Adoption of adjuvant chemotherapy in high-risk salivary gland malignancies
BACKGROUND:The present study characterizes national trends in the utilization of adjuvant chemotherapy to treat salivary gland malignancies. METHODS:The National Cancer Database was queried for salivary gland malignancies treated by surgery with radiation in 2004-2019. Proportions of patients receiving adjuvant chemotherapy over the study period were analyzed by linear regression. The impact of chemotherapy on overall survival was assessed using Kaplan-Meier and Cox proportional hazards analyses. RESULTS:Among 15â€‰965 patients meeting inclusion criteria, 2355 (14.8%) received adjuvant chemotherapy. Chemotherapy utilization significantly increased from 4.9% to 16.5% over the study period (pâ€‰<â€‰0.001). No survival benefit was observed with adjuvant chemotherapy on propensity score-matched Kaplan-Meier analysis (HR: 0.98; 95% CI: 0.86-1.11; pÂ =Â 0.72) or multivariable Cox regression (HR: 0.92; 95% CI: 0.78-1.09; pÂ =Â 0.34). CONCLUSIONS:Adjuvant chemotherapy has been increasingly utilized to treat salivary gland malignancies in recent years. Our findings highlight the importance of obtaining high-quality prospective data regarding the benefit of chemotherapy.
Repeat re-irradiation with interstitial HDR-brachytherapy for an in-field isolated nodal recurrence in a patient with HPV-positive squamous cell carcinoma of the head and neck [Case Report]
PURPOSE/OBJECTIVE:Locoregionally recurrent head and neck cancer is a complex clinical scenario that often requires multimodality treatment. These patients have often previously received definitive treatment with a combination of surgery, radiation therapy, and systemic therapy, which can make further management difficult. A second isolated locoregional failure is rare and clinicians are faced with a challenge to optimize disease control while minimizing treatment-related toxicity. METHODS AND MATERIALS/METHODS:In this report, we present the diagnosis, management, and outcomes of a patient with an isolated locoregional recurrence who was previously treated with two courses of radiation. The patient was treated with a second course of reirradiation using interstitial brachytherapy as well as a discussion regarding patient selection and optimal management for recurrent head and neck cancer. RESULTS:Repeat reirradiation using interstitial HDR-brachytherapy with the use of an alloderm spacer was successfully delivered to the patient for an in-field right neck nodal recurrence. He received a total EQD2/BED dose of 127.70/153.24 Gy. At 1-year followup, the patient was without evidence of recurrent disease or new significant side effects. CONCLUSION/CONCLUSIONS:Recurrent head and neck cancer should be managed with a multidisciplinary approach given the complex clinical scenario. Reirradiation is a commonly used salvage measure for recurrent head and neck cancer that requires careful planning and patient selection due to prior treatment-related effects and dose constraints. We reported a case of a second course of reirradiation using interstitial HDR-brachytherapy for locoregionally recurrent head and neck cancer and showed no recurrence of disease or worsening long term side effects at 1 year.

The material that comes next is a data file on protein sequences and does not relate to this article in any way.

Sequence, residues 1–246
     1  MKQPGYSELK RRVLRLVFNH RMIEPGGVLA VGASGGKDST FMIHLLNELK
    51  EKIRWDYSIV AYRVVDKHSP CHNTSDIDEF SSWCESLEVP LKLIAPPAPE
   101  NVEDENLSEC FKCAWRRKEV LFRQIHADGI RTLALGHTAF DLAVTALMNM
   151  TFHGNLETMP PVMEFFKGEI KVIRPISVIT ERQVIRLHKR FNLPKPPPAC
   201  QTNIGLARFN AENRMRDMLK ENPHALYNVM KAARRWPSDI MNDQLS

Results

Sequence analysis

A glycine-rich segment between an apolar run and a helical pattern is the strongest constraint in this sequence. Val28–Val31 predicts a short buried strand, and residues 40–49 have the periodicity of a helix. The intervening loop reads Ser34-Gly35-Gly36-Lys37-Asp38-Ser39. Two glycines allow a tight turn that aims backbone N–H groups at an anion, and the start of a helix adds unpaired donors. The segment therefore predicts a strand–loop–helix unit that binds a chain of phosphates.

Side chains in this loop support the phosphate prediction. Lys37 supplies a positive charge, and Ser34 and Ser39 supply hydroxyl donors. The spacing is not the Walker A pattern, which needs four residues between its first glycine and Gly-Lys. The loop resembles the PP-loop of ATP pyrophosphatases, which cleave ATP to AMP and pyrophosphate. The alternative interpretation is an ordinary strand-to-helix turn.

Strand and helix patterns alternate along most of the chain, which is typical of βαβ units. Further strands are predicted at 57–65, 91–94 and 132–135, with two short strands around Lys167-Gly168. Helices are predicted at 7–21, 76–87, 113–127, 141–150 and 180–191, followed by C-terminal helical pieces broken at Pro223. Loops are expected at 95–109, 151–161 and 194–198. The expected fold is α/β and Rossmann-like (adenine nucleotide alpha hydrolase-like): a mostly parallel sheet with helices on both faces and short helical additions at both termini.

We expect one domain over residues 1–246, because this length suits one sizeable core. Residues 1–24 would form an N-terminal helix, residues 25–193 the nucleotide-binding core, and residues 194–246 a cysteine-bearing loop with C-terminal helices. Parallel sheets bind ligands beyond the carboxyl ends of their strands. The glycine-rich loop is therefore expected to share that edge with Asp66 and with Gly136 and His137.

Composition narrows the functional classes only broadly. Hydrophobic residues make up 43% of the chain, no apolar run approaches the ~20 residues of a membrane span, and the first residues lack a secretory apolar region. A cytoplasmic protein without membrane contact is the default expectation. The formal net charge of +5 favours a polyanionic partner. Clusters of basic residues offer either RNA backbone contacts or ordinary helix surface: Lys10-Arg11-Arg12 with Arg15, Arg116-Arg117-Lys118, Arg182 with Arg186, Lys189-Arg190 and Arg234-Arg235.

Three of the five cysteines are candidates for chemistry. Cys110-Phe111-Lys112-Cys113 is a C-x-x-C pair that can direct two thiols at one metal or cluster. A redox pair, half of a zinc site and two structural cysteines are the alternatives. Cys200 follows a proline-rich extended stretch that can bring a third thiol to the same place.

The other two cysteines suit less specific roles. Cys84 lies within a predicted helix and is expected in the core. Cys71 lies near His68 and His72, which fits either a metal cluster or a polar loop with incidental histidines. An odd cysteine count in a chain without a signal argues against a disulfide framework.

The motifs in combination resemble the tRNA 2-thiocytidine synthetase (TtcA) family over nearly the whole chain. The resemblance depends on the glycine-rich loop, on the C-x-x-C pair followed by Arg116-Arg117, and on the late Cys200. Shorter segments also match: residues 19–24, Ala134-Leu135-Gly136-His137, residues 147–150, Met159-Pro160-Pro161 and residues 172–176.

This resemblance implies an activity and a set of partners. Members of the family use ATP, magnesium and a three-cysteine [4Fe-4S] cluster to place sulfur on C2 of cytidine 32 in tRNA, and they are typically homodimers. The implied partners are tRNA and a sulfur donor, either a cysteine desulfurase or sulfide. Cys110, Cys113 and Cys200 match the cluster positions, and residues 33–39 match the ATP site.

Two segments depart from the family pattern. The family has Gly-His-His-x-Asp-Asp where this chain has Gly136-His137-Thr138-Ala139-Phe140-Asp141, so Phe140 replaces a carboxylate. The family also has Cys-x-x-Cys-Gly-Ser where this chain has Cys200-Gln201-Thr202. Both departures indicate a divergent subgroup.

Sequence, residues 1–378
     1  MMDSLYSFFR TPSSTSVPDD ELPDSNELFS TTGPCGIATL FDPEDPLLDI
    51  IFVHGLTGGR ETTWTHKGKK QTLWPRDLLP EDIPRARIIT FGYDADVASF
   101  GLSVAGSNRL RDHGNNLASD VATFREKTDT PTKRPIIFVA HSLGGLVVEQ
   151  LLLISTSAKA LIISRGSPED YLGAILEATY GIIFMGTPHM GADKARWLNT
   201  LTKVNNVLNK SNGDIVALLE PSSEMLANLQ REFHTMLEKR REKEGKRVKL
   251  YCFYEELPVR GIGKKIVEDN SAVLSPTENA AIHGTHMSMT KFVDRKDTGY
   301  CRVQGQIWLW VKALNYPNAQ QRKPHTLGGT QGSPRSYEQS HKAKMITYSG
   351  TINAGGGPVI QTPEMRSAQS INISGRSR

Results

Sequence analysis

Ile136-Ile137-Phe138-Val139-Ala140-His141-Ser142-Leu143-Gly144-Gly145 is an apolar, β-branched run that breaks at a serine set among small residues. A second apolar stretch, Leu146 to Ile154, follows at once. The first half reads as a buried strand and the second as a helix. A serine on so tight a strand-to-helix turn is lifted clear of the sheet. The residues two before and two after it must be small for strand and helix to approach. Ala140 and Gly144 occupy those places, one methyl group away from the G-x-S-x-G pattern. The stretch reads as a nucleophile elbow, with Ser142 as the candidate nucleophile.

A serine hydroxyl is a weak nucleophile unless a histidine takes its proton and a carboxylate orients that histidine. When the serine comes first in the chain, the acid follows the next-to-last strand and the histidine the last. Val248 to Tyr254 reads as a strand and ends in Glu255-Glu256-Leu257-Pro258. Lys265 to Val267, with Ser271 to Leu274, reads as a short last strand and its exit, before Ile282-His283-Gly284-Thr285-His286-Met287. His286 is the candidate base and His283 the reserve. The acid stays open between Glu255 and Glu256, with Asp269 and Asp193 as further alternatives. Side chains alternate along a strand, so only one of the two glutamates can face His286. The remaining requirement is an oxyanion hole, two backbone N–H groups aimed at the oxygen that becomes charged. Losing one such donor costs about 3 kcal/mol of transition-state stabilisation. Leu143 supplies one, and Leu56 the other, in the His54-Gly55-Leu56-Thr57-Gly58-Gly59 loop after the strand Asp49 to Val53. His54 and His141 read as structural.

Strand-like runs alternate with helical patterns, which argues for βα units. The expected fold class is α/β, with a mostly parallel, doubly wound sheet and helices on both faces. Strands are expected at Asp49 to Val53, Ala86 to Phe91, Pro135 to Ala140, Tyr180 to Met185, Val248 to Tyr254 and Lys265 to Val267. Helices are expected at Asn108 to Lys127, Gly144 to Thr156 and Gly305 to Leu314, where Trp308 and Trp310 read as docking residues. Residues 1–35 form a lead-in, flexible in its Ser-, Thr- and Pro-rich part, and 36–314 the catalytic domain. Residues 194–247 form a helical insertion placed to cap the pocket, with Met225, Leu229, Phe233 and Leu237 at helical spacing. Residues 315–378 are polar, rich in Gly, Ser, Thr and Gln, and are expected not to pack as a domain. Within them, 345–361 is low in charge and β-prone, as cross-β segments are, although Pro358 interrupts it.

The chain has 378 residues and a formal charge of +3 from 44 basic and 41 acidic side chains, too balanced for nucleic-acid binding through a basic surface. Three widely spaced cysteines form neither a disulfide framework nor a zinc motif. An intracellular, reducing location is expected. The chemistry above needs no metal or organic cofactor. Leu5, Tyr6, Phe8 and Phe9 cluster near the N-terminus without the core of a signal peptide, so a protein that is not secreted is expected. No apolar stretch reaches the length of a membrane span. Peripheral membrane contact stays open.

Circulating Tumor HPV-DNA Kinetics in p16+ Oropharyngeal Cancer Patients Undergoing Adaptive Radiation De-Escalation Based on Mid-Treatment Nodal Response [Meeting Abstract]
Purpose/Objective(s): Human-papilloma virus-positive (HPV+) OPSCC is known to have an excellent prognosis with a favorable response to CRT. Several studies have shown that de-intensified treatment in select patients (pts) can achieve similar survival outcomes to standard treatment while reducing acute and long-term toxicity. Additionally, rapid clearance of circulating tumor HPV DNA may be useful in predicting the likelihood of disease control. Materials/Methods: We evaluated pts enrolled on a phase II institutional clinical trial. Pts with HPV+ OPSCC were included and were treated with definitive CRT with cisplatin. All pts were initially planned to receive standard radiation dose (S-RT) to 70 Gy; those who achieved a favorable mid-treatment response (FMTR) of >40% lymph node shrinkage at week 4 of radiation (RT) received a de-escalated dose (D-RT) to 60 Gy. Blood samples were taken at screening, week 4 of RT, and at follow-up visit after RT and circulating tumor tissue modified viral HPV NDA (TTMV) was qualtified. We define a "substantial TTMV clearance" as either >95% reduction in TTMV from screening to week 4 (screening level >200 copies/ml) or undetectable ctHPVDNA at week 4 (any detectable screening level). Fisher tests were used to evaluate the association of TTMV and treatment group.
Result(s): At the time of this analysis, 35 pts were enrolled in the clinical trial with a median age of 60 years at diagnosis (range 38 to 76). 25 pts achieved a FMTR and received D-RT while 10 pts received S-RT. 29 pts (7 S-RT, 18 D-RT) had detectable screening TTMV and week 4 TTMV samples available for analysis. D-RT pts had a significantly higher rate of substantial TTMV clearance at week 4 compared to S-RT: 14.3% (1/7) pts in the S-RT vs. 61.1% (11/18) pts in the D-RT (OR 0.090 [0.002 - 0.105], p=0.036). 6 of 25 pts (24%) had a flare in their TTMV from screening to week 4 including 57.1% (4/7) of the S-RT and 11.1% (2/18) of the D-RT; there was a significantly higher likelihood of TTMV flare in the S-RT group (OR 9.34 [0.898 - 150.960], p=0.032). 24 pts (6 S-RT, 18 D-RT) with initial detectable screening TTMV also had a follow-up TTMV sample available. The median time from screening to follow-up was 81.0 days for all pts (76.5 days for D-RT, 84.0 days for S-RT). 95.7% of pts (83.3% of S-RT, 100%% of D-RT) had complete TTMV clearance at follow-up.
Conclusion(s): We report a statistically significant correlation between substantial TTMV clearance and a FMTR of >40% nodal shrinkage. 61.1% of D-RT pts achieved a substantial TTMV clearance compared to 14.3% in the S-RT group. Additionally, we observed that pts who did not achieve a FMTR had a higher likelihood of TTMV flare at week 4. Nearly all pts achieved a complete TTMV clearance by follow-up. Mid-treatment TTMV clearance may help identify pts who may benefit from further de-escalation as well as those who should continue with standard therapy. This study has the ClinicalTrials.gov identifier NCT03215719.